Location: San Francisco, California, United States
Re: Lower Back Pain/Sciatica
Good advice from teteri66, so I will try to not duplicate. One option would be to have your primary care doctor order an MRI, if you need a referral before seeing a specialist, or if you end up on a long wait list to see a spine specialist. As teteri66 remarked, making an appointment with a surgeon doesn't mean that they are going to cut you open right away.
The generalized pain that you have may be from muscle spasms, from the spine trying to stabilize a potential injury. If you are having severe pain, you might want to lie down for 15 minutes (not bed rest!), bend at the knees and allow your back to relax. You may also want to sleep with a pillow under your knees if you are back sleeper or between your knees as a side sleeper. Try not to sit for long periods; get up and stretch every half-hour or so if you have a desk position.
Did you follow up with any physical therapy? Did you receive any benefit? Even if you do have something other than a minor issue, physical therapy can be very helpful. I ended up needing surgery, but the surgeon indicated that a lot of my long-term spinal instability had been controlled by good core strength, due in part to lots of physical therapy exercises. Just don't do anything that exacerbates your pain.
I will try and respond to most of your comments, but apologize in advance if I miss any.
Teteri66, thank you very much for the incredible detail. I feel like I have a much better understanding now than just having a few words written on paper and a brief explanation from my doctor. I have followed up with an appointment with my internist. My goal of this appointment is to get a referral to a specialist and potentially get an MRI scheduled as well, as it sounds like that may be the next step in figuring out what is causing the nerve compression.
I tried walking around my apartment last night when pain started and it seemed to work a lot better than lying down, or getting off my feet as I have been doing in the past.
I do have a desk position, so I will try today to get p frequently and stretch to help avoid the pain. I also found out there is a pretty good PT office in my building, so I will go down this morning to schedule an appointment to begin PT.
Thank you both for all of your advice! I will follow up as soon as I have met with my Dr. again and what the next steps I take are.
There is a product I have found useful. I know there are tons of lumbar support-type cushions on the market, but this one is different. Before I had surgery, I took it with me any time I was going somewhere that required sitting -- restaurants, theatres, cars, airplanes, etc. I don't know if it would help you...but I even use it in my ergonomic desk chair. It is called BackJoy and is available online. You might take a look at it and see if you think it might help.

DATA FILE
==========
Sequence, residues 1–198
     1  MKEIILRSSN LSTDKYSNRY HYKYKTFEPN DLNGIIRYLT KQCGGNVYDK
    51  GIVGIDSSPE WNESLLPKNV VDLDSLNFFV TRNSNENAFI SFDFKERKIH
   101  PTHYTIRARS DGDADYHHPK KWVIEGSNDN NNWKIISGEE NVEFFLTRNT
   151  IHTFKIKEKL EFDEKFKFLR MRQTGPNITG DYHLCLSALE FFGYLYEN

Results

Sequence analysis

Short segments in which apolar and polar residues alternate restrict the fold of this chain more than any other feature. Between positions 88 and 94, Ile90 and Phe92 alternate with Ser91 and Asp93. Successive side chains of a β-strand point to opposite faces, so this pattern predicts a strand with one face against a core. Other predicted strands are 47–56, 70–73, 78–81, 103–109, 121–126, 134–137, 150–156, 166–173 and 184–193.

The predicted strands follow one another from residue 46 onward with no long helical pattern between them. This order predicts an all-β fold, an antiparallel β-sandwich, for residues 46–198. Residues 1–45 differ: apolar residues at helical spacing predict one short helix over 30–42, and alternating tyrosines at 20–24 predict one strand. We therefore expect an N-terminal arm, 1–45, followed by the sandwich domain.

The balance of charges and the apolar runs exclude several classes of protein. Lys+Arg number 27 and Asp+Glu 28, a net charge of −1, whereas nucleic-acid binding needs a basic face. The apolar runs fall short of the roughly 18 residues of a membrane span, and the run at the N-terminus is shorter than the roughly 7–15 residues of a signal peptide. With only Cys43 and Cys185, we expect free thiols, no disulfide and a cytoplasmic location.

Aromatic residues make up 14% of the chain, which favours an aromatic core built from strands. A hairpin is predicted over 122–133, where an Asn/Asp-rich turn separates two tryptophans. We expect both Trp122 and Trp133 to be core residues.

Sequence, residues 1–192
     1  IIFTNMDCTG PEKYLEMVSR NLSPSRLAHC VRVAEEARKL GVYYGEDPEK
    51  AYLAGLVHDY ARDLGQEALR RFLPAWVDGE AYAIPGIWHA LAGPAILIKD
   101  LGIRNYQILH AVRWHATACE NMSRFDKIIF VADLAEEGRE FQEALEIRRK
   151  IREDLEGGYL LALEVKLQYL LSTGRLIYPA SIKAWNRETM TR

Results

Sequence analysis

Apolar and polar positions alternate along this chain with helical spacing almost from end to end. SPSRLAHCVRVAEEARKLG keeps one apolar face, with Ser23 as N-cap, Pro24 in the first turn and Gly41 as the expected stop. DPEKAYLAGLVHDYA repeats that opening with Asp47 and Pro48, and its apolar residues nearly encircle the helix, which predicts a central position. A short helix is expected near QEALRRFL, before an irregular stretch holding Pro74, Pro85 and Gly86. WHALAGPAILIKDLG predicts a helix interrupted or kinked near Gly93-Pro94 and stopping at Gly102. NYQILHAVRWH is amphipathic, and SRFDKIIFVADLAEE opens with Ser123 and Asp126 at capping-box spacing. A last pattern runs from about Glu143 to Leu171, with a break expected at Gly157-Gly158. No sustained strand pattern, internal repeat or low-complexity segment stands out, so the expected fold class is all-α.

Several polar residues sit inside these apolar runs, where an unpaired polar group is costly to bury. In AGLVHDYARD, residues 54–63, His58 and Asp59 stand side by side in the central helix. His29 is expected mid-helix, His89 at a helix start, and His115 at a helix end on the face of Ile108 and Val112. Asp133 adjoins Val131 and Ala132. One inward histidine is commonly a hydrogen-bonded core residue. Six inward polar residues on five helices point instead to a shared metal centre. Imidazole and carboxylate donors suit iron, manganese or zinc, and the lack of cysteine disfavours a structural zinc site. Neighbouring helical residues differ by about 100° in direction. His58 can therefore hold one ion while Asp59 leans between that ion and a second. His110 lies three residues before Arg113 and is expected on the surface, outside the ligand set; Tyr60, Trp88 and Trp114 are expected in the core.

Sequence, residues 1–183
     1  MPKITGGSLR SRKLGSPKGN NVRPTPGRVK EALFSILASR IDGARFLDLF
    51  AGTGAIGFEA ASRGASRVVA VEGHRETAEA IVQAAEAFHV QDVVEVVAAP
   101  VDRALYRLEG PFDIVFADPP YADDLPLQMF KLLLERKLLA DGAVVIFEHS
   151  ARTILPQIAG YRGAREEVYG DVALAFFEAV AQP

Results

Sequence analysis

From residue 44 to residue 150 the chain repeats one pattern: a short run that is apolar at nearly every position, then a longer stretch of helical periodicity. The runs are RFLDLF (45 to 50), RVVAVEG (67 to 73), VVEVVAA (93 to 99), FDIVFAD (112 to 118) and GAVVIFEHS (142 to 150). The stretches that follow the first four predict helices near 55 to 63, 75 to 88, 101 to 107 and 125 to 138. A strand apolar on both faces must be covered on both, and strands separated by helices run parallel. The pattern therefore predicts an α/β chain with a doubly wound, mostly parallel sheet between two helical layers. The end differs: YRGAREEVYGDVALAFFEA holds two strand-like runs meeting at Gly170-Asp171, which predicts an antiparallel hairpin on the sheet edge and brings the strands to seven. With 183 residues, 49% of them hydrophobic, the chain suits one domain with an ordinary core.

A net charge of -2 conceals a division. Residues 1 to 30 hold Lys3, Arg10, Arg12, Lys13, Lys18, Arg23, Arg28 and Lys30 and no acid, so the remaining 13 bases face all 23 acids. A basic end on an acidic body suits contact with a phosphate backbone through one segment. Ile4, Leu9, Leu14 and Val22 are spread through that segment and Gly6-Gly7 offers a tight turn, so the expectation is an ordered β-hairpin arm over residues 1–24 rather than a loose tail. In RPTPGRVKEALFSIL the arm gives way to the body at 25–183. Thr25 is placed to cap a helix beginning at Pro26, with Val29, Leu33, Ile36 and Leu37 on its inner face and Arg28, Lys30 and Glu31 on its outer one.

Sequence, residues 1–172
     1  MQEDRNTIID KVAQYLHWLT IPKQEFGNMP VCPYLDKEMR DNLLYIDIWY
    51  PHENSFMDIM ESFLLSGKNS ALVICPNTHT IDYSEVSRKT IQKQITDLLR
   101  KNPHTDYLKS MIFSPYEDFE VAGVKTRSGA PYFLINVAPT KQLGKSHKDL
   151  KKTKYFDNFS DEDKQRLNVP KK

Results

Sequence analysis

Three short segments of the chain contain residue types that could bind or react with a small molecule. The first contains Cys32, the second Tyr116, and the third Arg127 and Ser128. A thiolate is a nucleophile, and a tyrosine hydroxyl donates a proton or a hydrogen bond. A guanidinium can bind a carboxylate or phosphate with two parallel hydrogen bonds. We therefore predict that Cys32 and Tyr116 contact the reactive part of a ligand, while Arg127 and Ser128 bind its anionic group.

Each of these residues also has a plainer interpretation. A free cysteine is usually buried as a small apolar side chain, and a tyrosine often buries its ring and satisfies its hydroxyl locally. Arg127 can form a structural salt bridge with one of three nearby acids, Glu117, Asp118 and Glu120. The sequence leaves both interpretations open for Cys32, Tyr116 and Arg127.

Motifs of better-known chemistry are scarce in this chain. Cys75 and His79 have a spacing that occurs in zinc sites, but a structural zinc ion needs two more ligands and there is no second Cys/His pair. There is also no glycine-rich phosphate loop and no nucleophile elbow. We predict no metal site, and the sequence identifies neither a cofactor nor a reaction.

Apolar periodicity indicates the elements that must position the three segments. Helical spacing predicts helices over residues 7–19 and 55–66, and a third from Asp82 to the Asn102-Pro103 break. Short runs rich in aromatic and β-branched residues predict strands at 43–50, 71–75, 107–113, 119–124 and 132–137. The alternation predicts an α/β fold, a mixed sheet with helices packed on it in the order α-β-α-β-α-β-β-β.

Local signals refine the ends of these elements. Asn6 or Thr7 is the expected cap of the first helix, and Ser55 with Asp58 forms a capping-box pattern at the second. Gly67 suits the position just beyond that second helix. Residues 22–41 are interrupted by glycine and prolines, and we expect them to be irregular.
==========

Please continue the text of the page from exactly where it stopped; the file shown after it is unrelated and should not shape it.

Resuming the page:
Also, if you can get down on the floor (and, more importantly, back up) there is an exercise that stretches out the spinal nerves, unloads the discs and lets the muscle and soft tissue relax and stop "guarding" the tight area.
Lie flat on the floor, knees bent and with pelvis in a neutral position. Place arms close to the sides with palms facing upward. You can use a very small, flat pillow under your head if absolutely necessary, but better if you don't need it. Tilt chin ever so slightly tipped toward your chest (the idea is to get as much of your spine aligned along the floor without forcing it into an unnatural position). Then you relax and breathe from the belly. You just need to stay in this position for a few minutes, up to five minutes for some benefit.
A variation of this is to lie on the floor with your hips up against the edge of a couch, with legs swung up on the seat of the couch, calves and heels will be resting on the seat of the couch --be sure your are in straight alignment...this too takes the load off the discs.
Anytime I feel like I've done "too much" I get into one of these positions and rest for about 10 minutes, longer if I have time.
You need to do it every day to get full benefit from it. I've been known to find a quiet corner of an airport and lie like this in between flights or when I felt I just couldn't walk any further (I never wanted to ask for a wheelchair transport)....it is so much better for the spine than sitting in any chair.